Background. Cardiac transplant recipients have a greatly increased risk of nonmelanoma skin cancer, with a relative risk of up to 108. Skin cancer is more aggressive in transplant patients and results in substantial morbidity and mortality. It is therefore important that these patients understand this risk and take adequate sun-protection measures.
Aim. To assess awareness of skin cancer risk and sun protection measures used by cardiac transplant recipients and determine the impact of patient education.
Methods. Using a detailed questionnaire, we surveyed 118 patients attending the cardiac transplant clinic at our centre to quantify knowledge of skin cancer risk (maximum total score 10) and behaviour in the sun (maximum total score 15). Of these patients, 50 were then seen by a dermatologist for education about skin cancer risk, sun protection measures and skin cancer screening. Six months later, we asked them to complete the same questionnaire again.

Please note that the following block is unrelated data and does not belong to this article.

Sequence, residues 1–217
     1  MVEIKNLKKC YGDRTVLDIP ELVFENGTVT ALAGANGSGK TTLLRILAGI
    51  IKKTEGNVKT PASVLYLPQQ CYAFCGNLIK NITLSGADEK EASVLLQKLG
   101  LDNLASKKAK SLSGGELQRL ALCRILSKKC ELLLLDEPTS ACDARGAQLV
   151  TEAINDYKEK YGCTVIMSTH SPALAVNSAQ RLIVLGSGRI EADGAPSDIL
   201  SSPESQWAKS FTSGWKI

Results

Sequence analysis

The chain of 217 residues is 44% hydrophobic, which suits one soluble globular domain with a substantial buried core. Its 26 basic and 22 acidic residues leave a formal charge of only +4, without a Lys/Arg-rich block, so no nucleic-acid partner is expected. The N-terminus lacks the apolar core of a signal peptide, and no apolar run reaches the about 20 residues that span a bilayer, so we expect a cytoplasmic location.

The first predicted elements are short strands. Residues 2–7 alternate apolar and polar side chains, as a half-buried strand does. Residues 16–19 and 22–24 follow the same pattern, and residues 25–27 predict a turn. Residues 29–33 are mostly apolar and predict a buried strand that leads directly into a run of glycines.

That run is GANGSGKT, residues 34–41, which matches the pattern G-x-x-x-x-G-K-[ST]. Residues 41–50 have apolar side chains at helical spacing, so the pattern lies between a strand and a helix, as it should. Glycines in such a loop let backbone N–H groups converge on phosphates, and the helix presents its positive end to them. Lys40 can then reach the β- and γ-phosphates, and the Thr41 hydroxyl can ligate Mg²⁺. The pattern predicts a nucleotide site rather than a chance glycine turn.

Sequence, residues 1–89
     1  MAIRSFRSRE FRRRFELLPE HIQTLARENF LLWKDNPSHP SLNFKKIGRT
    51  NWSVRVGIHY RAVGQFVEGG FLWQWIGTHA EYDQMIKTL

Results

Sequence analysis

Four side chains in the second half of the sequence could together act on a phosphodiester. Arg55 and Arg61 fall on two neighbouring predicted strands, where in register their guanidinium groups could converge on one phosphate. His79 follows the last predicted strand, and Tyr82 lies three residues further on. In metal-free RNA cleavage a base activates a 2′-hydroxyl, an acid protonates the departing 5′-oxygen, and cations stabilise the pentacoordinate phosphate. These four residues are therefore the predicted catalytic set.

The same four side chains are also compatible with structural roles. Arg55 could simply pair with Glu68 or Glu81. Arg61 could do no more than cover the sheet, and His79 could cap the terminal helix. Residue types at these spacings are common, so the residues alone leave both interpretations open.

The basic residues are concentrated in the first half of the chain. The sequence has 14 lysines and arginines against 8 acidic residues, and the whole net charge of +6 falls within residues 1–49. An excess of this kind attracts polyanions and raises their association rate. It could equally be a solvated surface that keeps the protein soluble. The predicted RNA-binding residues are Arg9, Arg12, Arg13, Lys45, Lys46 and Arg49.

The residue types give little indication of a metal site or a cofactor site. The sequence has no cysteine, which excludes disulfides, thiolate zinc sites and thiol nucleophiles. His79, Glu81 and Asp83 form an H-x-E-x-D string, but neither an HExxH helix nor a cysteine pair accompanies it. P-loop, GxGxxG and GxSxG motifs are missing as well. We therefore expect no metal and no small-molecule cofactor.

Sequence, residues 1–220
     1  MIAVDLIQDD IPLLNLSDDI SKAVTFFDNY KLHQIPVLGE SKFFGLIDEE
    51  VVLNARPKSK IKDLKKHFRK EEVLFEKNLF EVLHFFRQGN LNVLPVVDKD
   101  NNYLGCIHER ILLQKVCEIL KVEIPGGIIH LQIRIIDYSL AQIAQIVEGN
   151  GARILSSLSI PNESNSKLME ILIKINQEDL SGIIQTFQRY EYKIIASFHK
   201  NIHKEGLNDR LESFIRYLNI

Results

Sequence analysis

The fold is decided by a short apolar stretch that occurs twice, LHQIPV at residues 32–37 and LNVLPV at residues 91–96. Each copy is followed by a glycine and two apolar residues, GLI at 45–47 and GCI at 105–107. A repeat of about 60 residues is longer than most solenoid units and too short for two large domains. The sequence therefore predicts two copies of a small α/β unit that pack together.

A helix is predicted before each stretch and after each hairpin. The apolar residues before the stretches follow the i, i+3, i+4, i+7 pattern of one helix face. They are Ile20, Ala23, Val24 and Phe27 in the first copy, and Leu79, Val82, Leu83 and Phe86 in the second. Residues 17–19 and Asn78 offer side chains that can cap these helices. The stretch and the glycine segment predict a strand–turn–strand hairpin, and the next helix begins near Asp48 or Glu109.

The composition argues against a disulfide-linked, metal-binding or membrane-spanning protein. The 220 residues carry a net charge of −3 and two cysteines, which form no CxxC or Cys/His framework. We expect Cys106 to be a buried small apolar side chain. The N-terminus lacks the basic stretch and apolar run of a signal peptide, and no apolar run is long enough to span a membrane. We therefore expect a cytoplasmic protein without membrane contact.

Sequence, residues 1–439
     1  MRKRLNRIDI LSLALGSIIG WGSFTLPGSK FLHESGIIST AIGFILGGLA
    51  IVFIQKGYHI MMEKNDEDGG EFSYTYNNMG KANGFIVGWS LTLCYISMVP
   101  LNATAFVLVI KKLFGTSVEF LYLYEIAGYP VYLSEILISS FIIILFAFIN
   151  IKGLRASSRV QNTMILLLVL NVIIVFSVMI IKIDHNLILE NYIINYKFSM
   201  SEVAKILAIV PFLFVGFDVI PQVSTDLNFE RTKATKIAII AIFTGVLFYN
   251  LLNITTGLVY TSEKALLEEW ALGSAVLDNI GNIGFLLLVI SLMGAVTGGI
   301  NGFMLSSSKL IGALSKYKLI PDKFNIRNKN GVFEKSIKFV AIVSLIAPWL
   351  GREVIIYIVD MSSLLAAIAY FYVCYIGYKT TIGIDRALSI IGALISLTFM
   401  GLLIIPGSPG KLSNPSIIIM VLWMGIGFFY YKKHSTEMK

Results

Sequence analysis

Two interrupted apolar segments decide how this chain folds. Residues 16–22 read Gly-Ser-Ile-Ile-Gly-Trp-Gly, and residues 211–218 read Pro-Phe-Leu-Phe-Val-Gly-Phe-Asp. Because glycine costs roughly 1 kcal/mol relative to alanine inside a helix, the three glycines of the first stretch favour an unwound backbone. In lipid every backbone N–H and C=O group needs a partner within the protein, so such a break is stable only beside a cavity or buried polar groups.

Results. The mean knowledge score was 7.3/10 and the mean behaviour score was 11.2/15. In the group that received education, the mean knowledge score improved from 7.2/10 before the dermatology consultation to 7.8/10 after the consultation (P < 0.03). The mean score for the behaviour questions improved even more, from 11.2/15 before to 13.5/15 after the consultation (P < 0.0001).
Conclusions. This study demonstrates that specialist advice can improve self-reported knowledge of skin cancer risk and sun protective behaviour in cardiac transplant recipients. It is hoped that this may reduce the risk of nonmelanoma skin cancer in these patients.